Hedgecutting: What’s more important – road safety or birds?

The debate over the prohibited period for hedgecutting is now being framed as a direct conflict between road safety and wildlife protection.

Minister for Arts, Heritage and the Gaeltacht, Heather Humphreys came in for some stern questioning in the Dail recently from Roscommon TD Michael Fitzmaurice on her plans to extend the dates on which grass cutting and hedgecutting can proceed.

Fitzmaurice said this has become a major problem since April from the point of view of road safety and access on the ‘byroads of Ireland’.

“If one travels the byroads of the country, it is horrendous to see the amount of grass and hedges that are hanging out.

“Councils, perhaps through lack of funding or whatever, did not have the required resources to deal with the issue.

“Everyone believes in making sure the nesting season is looked after, but there are health and safety issues. We cannot have grass growing on the sides of the road, which puts people’s lives at risk. It is like many things in this country; we have to use a bit of common sense and cop-on.”

He wants the Minister change the regulations to allow this to be facilitated for a longer period of time.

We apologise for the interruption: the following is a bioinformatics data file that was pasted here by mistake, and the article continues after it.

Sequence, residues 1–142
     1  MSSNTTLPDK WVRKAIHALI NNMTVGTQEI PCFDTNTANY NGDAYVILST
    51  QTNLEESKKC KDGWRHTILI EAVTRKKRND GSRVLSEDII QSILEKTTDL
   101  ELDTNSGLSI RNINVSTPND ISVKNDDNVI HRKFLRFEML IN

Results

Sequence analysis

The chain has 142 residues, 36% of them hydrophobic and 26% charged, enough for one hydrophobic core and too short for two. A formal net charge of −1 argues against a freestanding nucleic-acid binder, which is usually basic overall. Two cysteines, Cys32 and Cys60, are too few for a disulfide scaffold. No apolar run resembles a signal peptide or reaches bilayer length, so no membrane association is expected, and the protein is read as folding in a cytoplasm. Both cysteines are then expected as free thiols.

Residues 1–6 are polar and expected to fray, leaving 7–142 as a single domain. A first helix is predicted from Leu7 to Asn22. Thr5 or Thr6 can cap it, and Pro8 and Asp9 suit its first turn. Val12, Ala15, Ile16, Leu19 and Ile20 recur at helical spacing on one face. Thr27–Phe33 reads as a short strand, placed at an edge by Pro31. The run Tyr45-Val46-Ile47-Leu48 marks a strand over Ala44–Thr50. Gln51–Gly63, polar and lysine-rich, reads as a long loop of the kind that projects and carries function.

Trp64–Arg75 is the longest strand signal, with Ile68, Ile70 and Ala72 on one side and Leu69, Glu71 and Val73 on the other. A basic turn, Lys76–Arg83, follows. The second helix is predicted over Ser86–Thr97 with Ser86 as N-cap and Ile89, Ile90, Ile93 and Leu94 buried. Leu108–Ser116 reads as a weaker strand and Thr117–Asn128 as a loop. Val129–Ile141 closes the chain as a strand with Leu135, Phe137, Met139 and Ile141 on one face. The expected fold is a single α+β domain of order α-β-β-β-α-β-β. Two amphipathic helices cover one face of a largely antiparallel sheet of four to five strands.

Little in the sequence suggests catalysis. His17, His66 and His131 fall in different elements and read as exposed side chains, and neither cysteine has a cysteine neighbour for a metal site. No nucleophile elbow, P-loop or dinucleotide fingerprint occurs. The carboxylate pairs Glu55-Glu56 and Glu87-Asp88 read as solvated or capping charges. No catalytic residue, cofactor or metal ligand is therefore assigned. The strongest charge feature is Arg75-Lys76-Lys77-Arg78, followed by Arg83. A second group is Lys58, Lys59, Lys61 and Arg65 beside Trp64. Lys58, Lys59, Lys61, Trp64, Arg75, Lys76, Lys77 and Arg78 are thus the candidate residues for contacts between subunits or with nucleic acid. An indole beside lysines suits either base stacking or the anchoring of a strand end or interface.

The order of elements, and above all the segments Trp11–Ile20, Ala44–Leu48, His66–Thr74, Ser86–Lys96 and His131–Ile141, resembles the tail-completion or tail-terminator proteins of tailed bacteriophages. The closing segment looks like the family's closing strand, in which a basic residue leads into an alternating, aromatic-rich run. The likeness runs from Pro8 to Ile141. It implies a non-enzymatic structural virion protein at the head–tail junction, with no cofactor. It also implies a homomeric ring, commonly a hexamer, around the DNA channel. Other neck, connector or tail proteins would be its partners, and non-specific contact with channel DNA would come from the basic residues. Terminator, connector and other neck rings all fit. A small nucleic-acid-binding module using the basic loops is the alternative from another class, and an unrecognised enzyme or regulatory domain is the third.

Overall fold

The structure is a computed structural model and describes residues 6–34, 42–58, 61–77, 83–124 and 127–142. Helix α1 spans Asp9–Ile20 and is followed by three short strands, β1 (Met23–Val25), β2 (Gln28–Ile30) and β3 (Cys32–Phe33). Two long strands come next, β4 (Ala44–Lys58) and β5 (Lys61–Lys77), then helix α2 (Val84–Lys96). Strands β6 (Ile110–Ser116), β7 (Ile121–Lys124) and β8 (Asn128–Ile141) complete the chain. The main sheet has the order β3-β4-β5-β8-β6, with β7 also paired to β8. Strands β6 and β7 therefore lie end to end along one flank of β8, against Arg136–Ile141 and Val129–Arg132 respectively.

Should the hedgecutting ban timeframe (March 1 - August 31) be shortened?

  • Yes (73%)
  • No (27%)

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Currently section 40 of the Wildlife Acts 1976 to 2012 prohibits the cutting, grubbing, burning or destruction of vegetation, with certain strict exemptions, from March 1 to August 31 during the nesting and breeding season for birds and wildlife.

Vegetation such as hedgerows and scrub is important as wildlife habitat and needs to be managed in the interests of farming and biodiversity. As a result, a Department review of the current legislation was initiated to ensure that it remains effective and balanced.

Last year the Minister announced a consultation process which provided that opportunity.

Following the end of the public consultation period, Minister Humphreys established a working group, comprising officials from my Department, to consider the submissions received and to report back to me with a range of proposals.

She said she expects to announce the outcome of the review in the near future.

Minister Humphreys said she fully understands the need for health and safety considerations, but councils have the authority to cut hedges where are there are health and safety issues and I would encourage them to do so.

“I live in the country and understand that when hedges are growing into the middle of the road, it is very dangerous.

“The issue is complex and many submissions have been received from farming organisations, contractors, BirdWatch Ireland and other groups.

“I met different organisations and there are diverse views. I am considering the issue and my officials are working on it.

“I am trying to find the best way to get the right balance between accommodating hedge cutting while at the same time protecting habitats,” she said.

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